The president of NBC News pushed back on some of the explosive claims made by journalist Ronan Farrow Monday, calling into question an allegation that the NBCUniversal news outlet knew about sexual misconduct by former “Today” anchor Matt Lauer before he was fired in 2017.
“Farrow alleges there were employees who reported Lauer’s behavior prior to November of 2017 and were paid settlements to silence them,” said Noah Oppenheim, NBC News’ president, in a memo to staff. ” Not only is this false, the so-called evidence Farrow uses in his book to support the charge collapses under the slightest scrutiny.”
“We have no secrets and nothing to hide,” he added.
NBC News released the retort – a pages-long memo filled with rebuttals to individual assertions made in Farrow’s book, “Catch and Kill” – while the celebrated journalist was making a TV appearance on “CBS This Morning.” Confronted with some of the NBC News statements on air, Farrow said he’d let his reporting stand for itself. He has created a new whirlwind of suspicion and doubt around NBC News by presenting for the first time comments from a former NBC News staffer who alleges Lauer raped her during NBC News’ coverage of the 2014 Sochi Olympics. Lauer has denied the allegation. He was dismissed by NBC in 2017 for what was at the time said to be “inappropriate sexual behavior.”
In his book, Farrow alleges movie mogul Harvey Weinstein threatened to expose Lauer’s behavior while Farrow was reporting on claims of sexual harassment made against the entertainment executive – an accusation NBC News strongly denied Monday. “Farrow asserts this based entirely on third-hand rumor. Farrow cites William Arkin, a former NBC employee, who says he was ‘told’ this by anonymous third parties,” Oppenheim said in the memo. “He offers no corroboration. Because it did not happen.”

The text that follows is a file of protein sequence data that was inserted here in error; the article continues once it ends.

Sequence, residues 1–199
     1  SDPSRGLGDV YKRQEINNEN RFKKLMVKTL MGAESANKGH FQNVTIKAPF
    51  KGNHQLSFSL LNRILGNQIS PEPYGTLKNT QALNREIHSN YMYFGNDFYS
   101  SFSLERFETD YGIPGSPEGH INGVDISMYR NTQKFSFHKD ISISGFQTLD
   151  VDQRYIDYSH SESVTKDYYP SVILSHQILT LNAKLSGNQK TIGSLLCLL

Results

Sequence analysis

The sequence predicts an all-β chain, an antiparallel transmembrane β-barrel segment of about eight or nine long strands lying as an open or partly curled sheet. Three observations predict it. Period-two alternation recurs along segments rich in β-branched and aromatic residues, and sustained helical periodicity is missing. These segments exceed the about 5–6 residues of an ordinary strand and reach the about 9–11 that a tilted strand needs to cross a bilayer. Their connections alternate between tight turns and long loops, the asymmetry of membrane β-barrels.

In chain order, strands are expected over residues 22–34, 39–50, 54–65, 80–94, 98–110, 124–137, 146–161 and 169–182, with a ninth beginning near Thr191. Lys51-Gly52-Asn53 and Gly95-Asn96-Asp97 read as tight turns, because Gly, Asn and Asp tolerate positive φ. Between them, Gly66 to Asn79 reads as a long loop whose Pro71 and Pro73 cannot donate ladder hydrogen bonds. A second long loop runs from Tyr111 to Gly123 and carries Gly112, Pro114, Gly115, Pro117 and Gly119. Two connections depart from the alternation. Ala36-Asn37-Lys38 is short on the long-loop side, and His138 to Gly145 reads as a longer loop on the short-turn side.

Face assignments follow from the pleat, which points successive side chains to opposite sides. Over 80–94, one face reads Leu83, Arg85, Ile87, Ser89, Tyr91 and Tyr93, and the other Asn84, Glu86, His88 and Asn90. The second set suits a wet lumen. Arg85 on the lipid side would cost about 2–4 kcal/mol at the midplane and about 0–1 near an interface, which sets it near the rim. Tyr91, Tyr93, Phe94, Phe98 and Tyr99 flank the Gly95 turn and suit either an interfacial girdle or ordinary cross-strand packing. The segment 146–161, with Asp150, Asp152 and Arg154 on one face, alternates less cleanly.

Farrow and NBC News have been locked in a seismic battle of journalistic claims. He maintains in his book that NBC News sought to obstruct and contain his quest to report on a spate of clams of sexual harassment by Weinstein. NBC News has for months maintained it allocated many resources to his efforts, including multiple producers, but could not approve the airing of the report without having an accuser going on the record with claims on camera.
Farrow left NBC News with his reporting and was able to turn it into an explosive article that appeared in The New Yorker. He shared a Pulitzer Prize for public-service reporting with The New York Times, which also posted an investigation into allegations made against Weinstein.
Loss of the Weinstein story has haunted NBC News, which has come under criticism by both outside critics and its own employees. But executives felt at the time that Farrow’s reporting did not meet its standard. People familiar with the network’s vetting process have said executives believed Farrow felt he was under pressure to bring the story home because he knew The New York Times was working on a parallel investigation.
More to come…
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